Adelaide based Indian/Hindi rapper Jassi who goes under the artist name of Adelaide Wala booked a session in the studio. He had written some lyrics before the session in Hindi that he wanted me to create an instrumental/beat for to rap over. Of course, being in Hindi, I had no idea what the song was about so I had to ask him.
The meaning behind Daddy’s Doll
He explained that it was a story about a little girl who depended on her father for everything while she was growing up and she would follow him everywhere and hold his hand but one day they got stuck in a crowd of people and their hands broke apart and she lost him in the crowd and couldn’t find him. It was a little more complex than this but that was the basic story.
(Note: If you’re already listening to another song, pause the site music player at the bottom of the screen before playing)
The making of Daddy’s Doll
I wanted the music to fit the story, almost like a soundtrack for a movie. The whole 1st third of the story was happy, about her playing with her dad and doing nice things, then it takes a dark unexpected turn when she loses him in the crowd.
I thought, a clever way to accomplish this would be to create a melody that could be played happy and then a slight variation of that same melody that sounded sad and dramatic. So the first melody is very staccato and happy and the 2nd melody is very legato and layered with bass and played in a way that makes it sound sadder. I got the idea from watching the Pixar movie Up a few years ago. There is a scene in that movie where the old man is looking back on his life and the happy times and sad time but the interesting thing is that the melody is almost the same but just played more happy and more sad to suit each scene which I thought was very clever.
I played a melody on the keyboard while I asked Jassi to rap the chorus and then came up with a sadder variation for it. Then I thought, wouldn’t it be awesome if the happy melody sounded like it was playing on a music box, you know, the old fashioned jewelry boxes that would play a melody when you wound it up and then opened the box. I’ve never seen one in real life but I’ve seen them in movies.
The only problem was…. I’ve never needed to put a music box in a song before and I didn’t have a “music box” patch on the computer or the keyboard and I didn’t want to use a xylophone or anything similar. So I googled “Kontakt music box” as Kontakt is really the best for sampled sounds. Luckily, someone had sampled a music box, so I purchased it and it only took a couple of minutes to download. I played the melody to the click and instantly Jassi said “Wow, this is awesome. It sounds like I’m in a little girls room.”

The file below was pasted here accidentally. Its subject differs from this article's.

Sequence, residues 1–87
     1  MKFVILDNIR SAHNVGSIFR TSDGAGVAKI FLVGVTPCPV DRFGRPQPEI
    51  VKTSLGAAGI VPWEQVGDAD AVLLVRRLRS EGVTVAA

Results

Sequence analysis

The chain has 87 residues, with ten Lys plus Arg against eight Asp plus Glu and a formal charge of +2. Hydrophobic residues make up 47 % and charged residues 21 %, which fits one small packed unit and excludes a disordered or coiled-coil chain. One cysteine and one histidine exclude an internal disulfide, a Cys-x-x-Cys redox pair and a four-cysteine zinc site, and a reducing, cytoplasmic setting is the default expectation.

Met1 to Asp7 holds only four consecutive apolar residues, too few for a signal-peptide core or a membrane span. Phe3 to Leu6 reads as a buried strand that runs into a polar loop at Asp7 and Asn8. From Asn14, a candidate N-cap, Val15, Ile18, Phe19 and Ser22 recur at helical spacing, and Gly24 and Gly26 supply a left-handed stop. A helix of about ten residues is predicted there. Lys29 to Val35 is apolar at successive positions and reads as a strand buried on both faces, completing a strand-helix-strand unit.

Adding the drums
After that I beat boxed a drum pattern to fit with his flow while playing back the music box recording and asked him to try rapping over it. It was working well so I selected some samples in Maschine and played in the drums. Then I added an 808 bass and some droning notes. Now for the part to make it all work…. the sadder melody.
Removing the drums…
I decided to take out the beat at the time of the sadder melody and to add some strings. I played all the string parts one at a time on the keyboard/piano, basses, cellos, violins. This is the only way to create realistic sounding strings with emotion. I used LA Scoring Strings for this, again in Kontakt. I added a droning synth in the background and automated increases and decreases to the cut-off and resonance to create more tension.
Language barrier… crushed
Being in Hindi I would have to ask him one line at a time, “What does this mean?”, just so that the music would follow accordingly. Whenever you hear the music increase in tension and get sadder, that due to the line over it having a sadder meaning.
Recording the vocals
Once the instrumental/beat was done, it was time to lay down the vocals. At this point, I’d already become familiar with the arrangement and layout and meaning of certain sections so I was able to produce it as if it was in English. Emotion is universal. You can still hear whether someone sounds happy or sad or has swag or is corny in the tone of their voice regardless of the language. It’s obviously a lot harder when it’s not a language you speak though.
We recorded the vocals and we were both satisfied with the performance. I cut up the takes, recorded and edited some double tracked vocals and then mixed and mastered the song.
After the session
Jassi (AKA Adelaide Wala) got an artist to draw some custom images for the music video to go with the story theme. It came out well and we were both happy with it. Even if you don’t speak hindi, you can listen to the song above and enjoy the music. Jassi told me that he played the song to a couple of his female friends and they cried in the sad part of the song. So I guess I did a good job making the music fit the sad lyrics. It was funny the way he told me, “Women are crying because of your music. It’s so good!”
-Tom Watson (Director/Producer)
Note: This is an archive of a post from a recording and music production session by music producer Tom Watson. This session original took place at the Current Sound music production and recording studio in Adelaide Australia. Current Sound has since relocated to a music production and recording studio based in Hollywood, Los Angeles where Tom Watson now records and produces for those who book the Los Angeles studio.